Russel's second McNee book, The Lost Sister, hits shelves in the U.S. today. I was going to sit and write about why you should be picking up his books about a grumpy scottish detective, but then I realised I'd already done it. So I took a look back and realised that I couldn't say it any better than I did at the time. George Lucas tried to tell me to edit the whole thing and add in some comedy CGI. I tweaked a few things here and there, but this is pretty much intact.
Next week i'll be making it a trilogy of reviews, with a look at California by Ray Banks.
“I could kill him. It would be easy.”
Those are the opening lines from THE GOOD SON, the first McNee book. As opening lines go, I’d say It's pretty much up there. Grabs you straight by the throat and asks you, through gritted teeth, 'you got a problem?'
Something I noticed early on about Russel is that he has a touch of the Lawrence Block and John Mcfet about him; his pages are so easy to read that you stop noticing that you’re doing it. You know what I mean; some books you’re checking your watch every other paragraph, or scratching your bum, or thinking of that kettle you just boiled. But with writers like these, you don’t notice the things going on around you. Reading one line is an unspoken commitment that you’re going to read the first ten chapters. Then, well, why stop there?
The other thing is that he doesn’t get caught up in what he’s writing. There’s no self conscious awkwardness of trying to bend his hometown or its people to fit into genre conventions. There’s no knowing pause as it becomes clear that this is a PI story set in Scotland, no first date fumbling on the doorstep.
He. Just. Gets.On.With.It.
And it’s suprising how many authors don’t do that. Many like to pause, to dawdle, or to let the reader know that they’re aware of the trappings and flaws of whatever style of story they’re writing. No, just sit and get on with telling the story.
The first book centres around our protagonist, J Mcnee. He’s a moody and isolated Dundonian PI. He has anger issues and a good way with wit. He has some of the key ingredients of being a PI; he manages to say just enough to get himself smacked around or shot at, but not so much that we get to figure him out. At the same time, he’s not just a standard driven detective type. Many of his flaws are more to do with the modern British male than any genre cliché; yes he’s alienated and rebellious, but a lot of it seems to draw from a simple social awkwardness. He’s not the tortured soul of Hamlet or Bruce Wayne, and he’s not the drunken philosopher of Marlowe or Scudder. Much more than that, he seems to simply be a modern man who’s not always sure of how to behave around others.
Even his nickname in the book helps to conjure up a play on the ideas of masculinity and manners. He is called Steed after the character played by Patrick Macnee in The Avengers. The image that evokes for most is of a deliberately overdone gentlemen, the hat, the umbrella, the manners and the heart of steel. There was an earlier version of Steed, in the shows first season; a shadowy figure, untrusted and lonely. Where was I going with this…..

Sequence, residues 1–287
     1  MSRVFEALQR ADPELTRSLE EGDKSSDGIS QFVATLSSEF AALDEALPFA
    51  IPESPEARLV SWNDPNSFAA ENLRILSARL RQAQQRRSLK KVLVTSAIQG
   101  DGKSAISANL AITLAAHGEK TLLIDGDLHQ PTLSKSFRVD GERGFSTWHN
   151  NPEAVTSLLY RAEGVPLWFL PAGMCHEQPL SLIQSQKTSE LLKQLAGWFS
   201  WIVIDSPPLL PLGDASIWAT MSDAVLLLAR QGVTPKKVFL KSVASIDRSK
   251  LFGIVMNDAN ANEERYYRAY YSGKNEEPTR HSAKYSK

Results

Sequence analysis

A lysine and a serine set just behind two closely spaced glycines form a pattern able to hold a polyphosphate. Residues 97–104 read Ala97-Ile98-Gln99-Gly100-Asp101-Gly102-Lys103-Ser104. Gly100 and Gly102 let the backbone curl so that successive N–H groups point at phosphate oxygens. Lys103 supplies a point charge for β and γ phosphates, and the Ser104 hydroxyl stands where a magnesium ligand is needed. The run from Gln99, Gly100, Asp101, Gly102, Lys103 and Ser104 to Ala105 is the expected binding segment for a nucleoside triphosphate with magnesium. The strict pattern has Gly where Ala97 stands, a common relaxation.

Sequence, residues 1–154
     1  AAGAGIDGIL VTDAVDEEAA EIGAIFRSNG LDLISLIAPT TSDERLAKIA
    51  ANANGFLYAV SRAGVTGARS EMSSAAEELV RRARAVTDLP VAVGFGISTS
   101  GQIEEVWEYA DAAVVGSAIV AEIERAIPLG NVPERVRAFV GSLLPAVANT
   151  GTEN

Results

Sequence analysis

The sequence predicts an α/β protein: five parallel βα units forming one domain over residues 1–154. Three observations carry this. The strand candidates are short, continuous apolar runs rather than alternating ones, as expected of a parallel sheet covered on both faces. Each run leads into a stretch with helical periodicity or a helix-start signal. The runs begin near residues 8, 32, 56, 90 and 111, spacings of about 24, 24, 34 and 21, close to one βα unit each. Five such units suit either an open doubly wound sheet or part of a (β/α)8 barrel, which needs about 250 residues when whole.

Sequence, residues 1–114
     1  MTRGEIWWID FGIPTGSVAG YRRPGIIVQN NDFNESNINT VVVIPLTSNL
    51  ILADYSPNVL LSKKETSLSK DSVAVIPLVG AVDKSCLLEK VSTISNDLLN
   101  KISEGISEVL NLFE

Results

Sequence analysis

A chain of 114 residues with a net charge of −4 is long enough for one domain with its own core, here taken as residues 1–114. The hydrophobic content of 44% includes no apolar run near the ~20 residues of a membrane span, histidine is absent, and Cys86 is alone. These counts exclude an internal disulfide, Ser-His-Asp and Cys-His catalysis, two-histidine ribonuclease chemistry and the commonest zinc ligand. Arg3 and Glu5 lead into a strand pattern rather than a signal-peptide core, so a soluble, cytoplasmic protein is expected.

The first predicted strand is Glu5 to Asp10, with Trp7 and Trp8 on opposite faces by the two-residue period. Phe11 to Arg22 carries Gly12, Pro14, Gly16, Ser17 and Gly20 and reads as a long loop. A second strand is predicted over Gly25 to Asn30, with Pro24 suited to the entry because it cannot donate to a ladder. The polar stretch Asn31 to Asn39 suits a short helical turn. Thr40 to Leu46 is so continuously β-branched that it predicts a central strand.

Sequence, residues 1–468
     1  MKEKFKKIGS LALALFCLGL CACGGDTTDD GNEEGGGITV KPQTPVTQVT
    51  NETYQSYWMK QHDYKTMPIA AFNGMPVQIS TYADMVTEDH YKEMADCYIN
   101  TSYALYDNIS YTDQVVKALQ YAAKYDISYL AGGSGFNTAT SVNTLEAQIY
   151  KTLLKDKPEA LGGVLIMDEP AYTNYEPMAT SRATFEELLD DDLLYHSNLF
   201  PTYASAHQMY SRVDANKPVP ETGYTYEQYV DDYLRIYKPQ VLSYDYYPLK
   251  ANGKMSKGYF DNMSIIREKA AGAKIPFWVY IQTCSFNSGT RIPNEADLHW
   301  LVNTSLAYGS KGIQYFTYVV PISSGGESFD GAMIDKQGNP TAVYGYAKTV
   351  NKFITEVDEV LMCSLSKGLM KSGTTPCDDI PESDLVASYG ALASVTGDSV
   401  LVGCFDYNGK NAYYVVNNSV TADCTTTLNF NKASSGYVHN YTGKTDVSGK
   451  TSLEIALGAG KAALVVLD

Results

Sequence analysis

Anyway, back to McNee.
There is still an element of tragedy that drives McNee, and it’s at the core of what works with this book. It’s a story about grief. Be it McNee trying to come to terms with loss, or a farmer trying to deal with his brothers apparent suicide. The book shows that grief is a far more complicated and damaging thing than any level of violence.
Russel’s second book, THE LOST SISTER, was released in the UK last year. It's opening feels almost low-key compared to the first;
“He doesn’t waste a moment. Lets go of the axe….”
The first book starts with a gun, and the impending gunshot. An instant explosive kick start to a story. The second starts with violence, but one of a more personal, brutal, and confident manner. This is a writer stepping it up and taking full control of his characters and world. I’ve mentioned before how impressed I was with the handling of violence in this second book, the control that Russel demonstrated in knowing what not to show, and in knowing that he could make it work. There is some truly brutal stuff in the novel, but Russel chooses to focus on the aftermath of violence rather than the instant impact. It's a choice that gives the violence more weight, and makes you feel it more even if you don't see it happen.
The second book sort of does what it says on the cover in many ways. There is a sister. She is lost. But that’s just scratching the surface. It looks at thorny issues of love, trust and domestic violence. And it took me by surprise a number of times, I love it when a book genuinely doesn’t go the way you think it will. There are twists and turns to the relationships, and nobody ends the story in remotely the same emotional state that they started it. Somehow, it felt like The Empire Strikes Back, with its revelations and emotional betrayals. I can’t wait to see where the characters go from here.